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Reading the Bible for all the Wrong Reasons

By Russell Pregeant

Publication Year: 2011

The Bible can be hazardous to one's health if read with faulty expectations. Writing with compassion and wit, Russell Pregeant shows that reading "without interpretation" is impossible. The right question is which assumptions are appropriate. He addresses the most common and most harmful assumptions about the Bible, beginning with the expectation that it will always "speak" as directly and immediately as a fortune cookie. He moves on to address biblical authority, the Bible and science, "last days" prophecies, and the Bible as rulebook and guide to beliefs. Pregeant insists that we take responsibility for what we do with this powerful book.

Published by: Augsburg Fortress Publishers

Cover

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p. 1-1

Title Page, Copyright

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pp. 2-7

Contents

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pp. viii-9

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Acknowledgments

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pp. ix-x

I am especially grateful to the following members of Contoocook United Methodist Church, Contoocook, New Hampshire, who were “faithful to the end” in a seven-session Bible study based on the first draft of this book: Tom Andrew, Jane Britain, Tim Britain, Lucy Gaskell, Al Gibbs, Betsy Gibbs, Dawn Howe, Jim Howe, Don King, Katie Martel, Bruce Metzger, Dale Roberts, Fred Roberts, and Terri Stafford. I also ...

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Introduction

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pp. 1-8

Is the theory of evolution compatible with biblical faith? Are the Bible’s views on same-sex relations, divorce, and the status and role of women relevant to life today? Does the Bible predict the “end of the world”? And what should we make of its statements on poverty and riches, government, and war and peace? These are questions that many contemporary Christians ask when they approach the biblical writings. ...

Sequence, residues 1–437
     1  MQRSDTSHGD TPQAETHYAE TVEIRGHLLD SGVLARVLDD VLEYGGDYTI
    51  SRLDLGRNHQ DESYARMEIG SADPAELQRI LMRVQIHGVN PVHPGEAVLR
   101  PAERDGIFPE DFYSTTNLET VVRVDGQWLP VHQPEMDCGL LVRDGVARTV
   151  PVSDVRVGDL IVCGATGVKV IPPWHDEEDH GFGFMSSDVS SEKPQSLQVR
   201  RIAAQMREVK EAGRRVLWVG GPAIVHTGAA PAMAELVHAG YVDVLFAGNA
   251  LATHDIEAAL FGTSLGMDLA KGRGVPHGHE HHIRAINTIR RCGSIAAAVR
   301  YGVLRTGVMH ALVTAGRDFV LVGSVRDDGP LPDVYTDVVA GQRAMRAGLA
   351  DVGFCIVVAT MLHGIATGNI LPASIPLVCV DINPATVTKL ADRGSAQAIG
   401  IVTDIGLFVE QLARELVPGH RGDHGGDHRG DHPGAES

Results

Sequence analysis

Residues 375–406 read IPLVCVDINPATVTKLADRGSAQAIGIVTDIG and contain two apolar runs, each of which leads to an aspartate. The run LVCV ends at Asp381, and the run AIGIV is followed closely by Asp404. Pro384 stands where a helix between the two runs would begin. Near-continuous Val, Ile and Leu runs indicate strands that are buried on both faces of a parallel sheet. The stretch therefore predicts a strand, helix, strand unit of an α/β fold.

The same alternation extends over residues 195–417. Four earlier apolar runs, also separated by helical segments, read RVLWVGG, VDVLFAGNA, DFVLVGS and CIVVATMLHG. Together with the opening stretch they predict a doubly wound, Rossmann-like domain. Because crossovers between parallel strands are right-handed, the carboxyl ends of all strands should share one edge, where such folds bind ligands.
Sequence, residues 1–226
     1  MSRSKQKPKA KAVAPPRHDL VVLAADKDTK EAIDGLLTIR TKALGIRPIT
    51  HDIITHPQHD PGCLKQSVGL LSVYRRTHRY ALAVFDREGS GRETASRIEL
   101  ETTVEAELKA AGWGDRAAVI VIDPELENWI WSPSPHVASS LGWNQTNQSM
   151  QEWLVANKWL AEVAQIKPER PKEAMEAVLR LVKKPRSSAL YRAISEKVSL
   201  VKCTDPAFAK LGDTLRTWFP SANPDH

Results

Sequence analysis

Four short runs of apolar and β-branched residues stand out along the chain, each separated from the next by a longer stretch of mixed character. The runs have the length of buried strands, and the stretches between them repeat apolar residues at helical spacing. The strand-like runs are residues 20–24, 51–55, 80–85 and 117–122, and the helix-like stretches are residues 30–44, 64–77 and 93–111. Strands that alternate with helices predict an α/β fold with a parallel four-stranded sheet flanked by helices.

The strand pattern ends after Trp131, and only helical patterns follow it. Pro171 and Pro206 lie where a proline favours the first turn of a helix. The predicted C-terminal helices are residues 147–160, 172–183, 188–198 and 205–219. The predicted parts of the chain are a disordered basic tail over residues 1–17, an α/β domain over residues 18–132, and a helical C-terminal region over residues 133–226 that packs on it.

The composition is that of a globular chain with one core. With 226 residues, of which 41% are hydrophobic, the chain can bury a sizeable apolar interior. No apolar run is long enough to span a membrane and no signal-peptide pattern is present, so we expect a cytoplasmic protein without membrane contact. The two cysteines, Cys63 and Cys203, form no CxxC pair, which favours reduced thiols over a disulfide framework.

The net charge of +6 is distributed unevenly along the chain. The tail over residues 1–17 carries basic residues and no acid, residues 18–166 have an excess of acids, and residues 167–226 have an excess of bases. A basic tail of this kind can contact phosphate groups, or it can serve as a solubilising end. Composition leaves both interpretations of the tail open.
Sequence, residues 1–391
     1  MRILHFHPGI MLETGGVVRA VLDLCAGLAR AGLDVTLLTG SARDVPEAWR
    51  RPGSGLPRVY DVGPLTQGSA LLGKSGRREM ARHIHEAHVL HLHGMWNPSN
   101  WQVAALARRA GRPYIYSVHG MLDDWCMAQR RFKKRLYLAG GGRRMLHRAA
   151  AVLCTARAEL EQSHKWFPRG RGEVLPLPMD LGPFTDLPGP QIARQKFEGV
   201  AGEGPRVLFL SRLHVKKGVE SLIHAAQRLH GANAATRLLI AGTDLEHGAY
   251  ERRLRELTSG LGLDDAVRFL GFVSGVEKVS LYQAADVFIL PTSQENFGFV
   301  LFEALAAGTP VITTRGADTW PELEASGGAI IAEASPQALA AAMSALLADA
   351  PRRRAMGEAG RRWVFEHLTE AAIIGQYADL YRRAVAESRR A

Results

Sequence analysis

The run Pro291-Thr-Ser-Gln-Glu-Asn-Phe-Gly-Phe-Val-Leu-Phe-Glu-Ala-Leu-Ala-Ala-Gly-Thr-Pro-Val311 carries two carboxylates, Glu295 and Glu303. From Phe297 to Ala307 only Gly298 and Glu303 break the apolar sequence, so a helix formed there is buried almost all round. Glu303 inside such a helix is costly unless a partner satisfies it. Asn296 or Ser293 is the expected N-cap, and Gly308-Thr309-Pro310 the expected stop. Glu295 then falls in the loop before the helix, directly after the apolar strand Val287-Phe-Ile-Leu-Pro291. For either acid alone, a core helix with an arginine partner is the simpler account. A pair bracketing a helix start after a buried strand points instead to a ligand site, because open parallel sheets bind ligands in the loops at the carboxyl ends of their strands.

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Chapter 1: More than a Fortune Cookie

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pp. 9-20

How do you read the Bible? Many people read it as a source of strength in times of personal crises or more broadly as a resource for personal devotions. These are legitimate practices with which I have no quarrel. Sometimes, however, the search for help with personal prob-lems leads people to treat the Bible as nothing more than a reservoir of personal advice: “Can you show me a passage in the Bible to convince ...

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Chapter 2: Neither Fact Book nor Catechism

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pp. 21-34

Bible class was quoting her husband, a serious student of the Bible, who had passed away a few years earlier. The lesson for this particular Sun-day involved an issue on which the Bible is quite ambiguous. So with an impish smile, the woman remarked, “This is the problem my husband always had with the Bible. Why does it have to be so complicated? Why ...

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Chapter 3: Neither Science nor Anti-Science